Loose feeding on the float is accomplished with a catapult loaded with plenty of loose hempseed and casters. However, I won’t feed every cast, just every five to ten minutes in an effort to keep the bleak at bay and drive the better fish lower in the water where it’s easier to catch them.
Two-pronged attack, the feeder
Rod choice is the Cadence CR10 11ft Feeder #2. Now that might at first seem a bit insubstantial, but as I mentioned, the river Ouse here is sluggish and I am not casting much more than four-rod lengths out, so I don’t really need a beefier rod than this. It will easily cope with big bream, and they range from 2lbs to 7lbs here on the Ouse! I’ve added a Cadence CS7 reel to the rod and I suggest a mainline around 5lbs.
The cage feeder is set on a paternoster link of around five inches and you will see from the picture that the knot creates an effect whereby the line to the hooklength stands proud and that will almost eliminate tangles. Dead simple! Tail length can vary from a foot to four foot, depending on how the fish respond.
Hookbaits for bream are the traditional options such as worm and maggots, redworm and caster, and one you perhaps may not have tried, but one certainly worth trying, and that is triple dead maggots. Why? Well, they won’t bury themselves into the mud which is very important. Having said that, I will also try live maggots of course, because they do catch the bream.
Groundbait for the bream is a mix with which my pal Steve Edson has been catching very well on recently, especially in Ireland where he won a festival with bream. Its colour may intrigue you, it did me too! However, the bright red/orange combination of Evolved Baits Commercial Red and Evolved Baits Natural Orange seems to be highly enticing to bream! Don’t ask me why just try it!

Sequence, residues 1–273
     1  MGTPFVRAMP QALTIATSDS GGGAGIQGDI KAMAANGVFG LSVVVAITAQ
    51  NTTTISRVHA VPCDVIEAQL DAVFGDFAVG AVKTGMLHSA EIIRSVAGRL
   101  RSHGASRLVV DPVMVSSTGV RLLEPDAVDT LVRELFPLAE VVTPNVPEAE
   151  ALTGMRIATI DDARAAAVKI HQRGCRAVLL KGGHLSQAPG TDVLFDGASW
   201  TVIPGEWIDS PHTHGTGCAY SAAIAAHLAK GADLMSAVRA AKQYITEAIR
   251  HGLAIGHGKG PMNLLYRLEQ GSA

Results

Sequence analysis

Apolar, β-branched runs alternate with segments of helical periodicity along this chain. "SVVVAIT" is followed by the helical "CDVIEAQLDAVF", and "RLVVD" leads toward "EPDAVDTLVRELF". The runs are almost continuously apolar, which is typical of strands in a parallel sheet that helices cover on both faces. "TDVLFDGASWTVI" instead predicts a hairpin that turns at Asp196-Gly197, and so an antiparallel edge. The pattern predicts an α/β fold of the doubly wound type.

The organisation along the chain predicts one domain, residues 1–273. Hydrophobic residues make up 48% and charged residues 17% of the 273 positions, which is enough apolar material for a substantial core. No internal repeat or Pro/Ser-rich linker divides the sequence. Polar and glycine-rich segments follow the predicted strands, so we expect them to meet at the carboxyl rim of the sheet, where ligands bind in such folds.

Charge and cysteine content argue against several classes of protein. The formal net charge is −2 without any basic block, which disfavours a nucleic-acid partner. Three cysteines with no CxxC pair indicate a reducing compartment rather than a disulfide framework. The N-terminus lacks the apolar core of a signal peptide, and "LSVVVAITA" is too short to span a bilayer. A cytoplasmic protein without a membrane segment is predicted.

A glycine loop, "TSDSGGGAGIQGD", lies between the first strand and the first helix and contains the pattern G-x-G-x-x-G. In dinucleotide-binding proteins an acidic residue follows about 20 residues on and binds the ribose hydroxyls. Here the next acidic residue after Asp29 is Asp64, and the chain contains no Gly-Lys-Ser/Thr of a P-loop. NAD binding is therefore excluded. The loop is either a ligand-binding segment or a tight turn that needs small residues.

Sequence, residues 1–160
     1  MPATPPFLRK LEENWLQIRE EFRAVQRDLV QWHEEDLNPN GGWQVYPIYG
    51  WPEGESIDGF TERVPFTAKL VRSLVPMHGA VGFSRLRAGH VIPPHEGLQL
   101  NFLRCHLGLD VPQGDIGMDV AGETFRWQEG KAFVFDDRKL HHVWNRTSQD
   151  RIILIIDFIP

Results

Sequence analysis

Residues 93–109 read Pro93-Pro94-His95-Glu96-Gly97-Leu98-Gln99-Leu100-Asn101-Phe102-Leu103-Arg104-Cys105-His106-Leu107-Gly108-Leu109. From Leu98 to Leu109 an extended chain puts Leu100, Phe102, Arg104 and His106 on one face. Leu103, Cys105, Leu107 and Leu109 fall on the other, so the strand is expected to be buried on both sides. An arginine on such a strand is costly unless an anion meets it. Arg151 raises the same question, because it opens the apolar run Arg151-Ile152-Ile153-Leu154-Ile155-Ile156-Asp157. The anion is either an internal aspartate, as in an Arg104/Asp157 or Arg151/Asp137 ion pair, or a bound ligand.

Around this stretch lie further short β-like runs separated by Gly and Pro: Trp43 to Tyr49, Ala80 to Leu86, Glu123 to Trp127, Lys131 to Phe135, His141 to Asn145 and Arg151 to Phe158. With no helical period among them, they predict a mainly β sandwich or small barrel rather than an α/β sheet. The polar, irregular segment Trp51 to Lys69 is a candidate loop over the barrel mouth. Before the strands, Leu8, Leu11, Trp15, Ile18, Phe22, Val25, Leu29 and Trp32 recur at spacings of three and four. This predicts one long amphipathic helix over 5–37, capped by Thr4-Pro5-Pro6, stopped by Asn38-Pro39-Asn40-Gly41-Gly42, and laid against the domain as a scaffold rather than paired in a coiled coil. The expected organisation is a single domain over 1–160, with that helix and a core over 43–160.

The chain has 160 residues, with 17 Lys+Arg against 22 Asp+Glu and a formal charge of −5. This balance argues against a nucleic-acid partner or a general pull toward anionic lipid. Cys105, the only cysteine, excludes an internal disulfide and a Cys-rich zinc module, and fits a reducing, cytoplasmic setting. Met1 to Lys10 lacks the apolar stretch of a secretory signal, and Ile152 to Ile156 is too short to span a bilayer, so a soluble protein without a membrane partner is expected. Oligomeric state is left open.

Chopped worms play a big part and I add fresh bait to my feeder as and when I recast. Chopped worms, casters and dead maggots are trapped between two plugs of groundbait in the feeder and that will go straight down to the deck and release all the goodness bream seem to find hard to resist!
The earlier introduced groundbait balls have certainly brought the bream shoal around, and I’ve been catching some quality specimens to four and a half pounds. They scrap really well in the flow and playing them on this relatively light rod is a very enjoyable exercise indeed!
Well, that was a cracking session on the Ouse. It is free fishing, the only thing is finding a parking place, but there is a car park at Rowntree Park. I’ve had around 40lbs, the bulk of which has come to the feeder in the form of quality bream with a static form of presentation on the feeder. I’ve had better sessions on the float here, but it’s hard to resist chucking the feeder for bream in all honesty. Well happy with that! It just goes to show what excellent sport can be had fishing in the middle of the city of York, why not give it a try if you live nearby?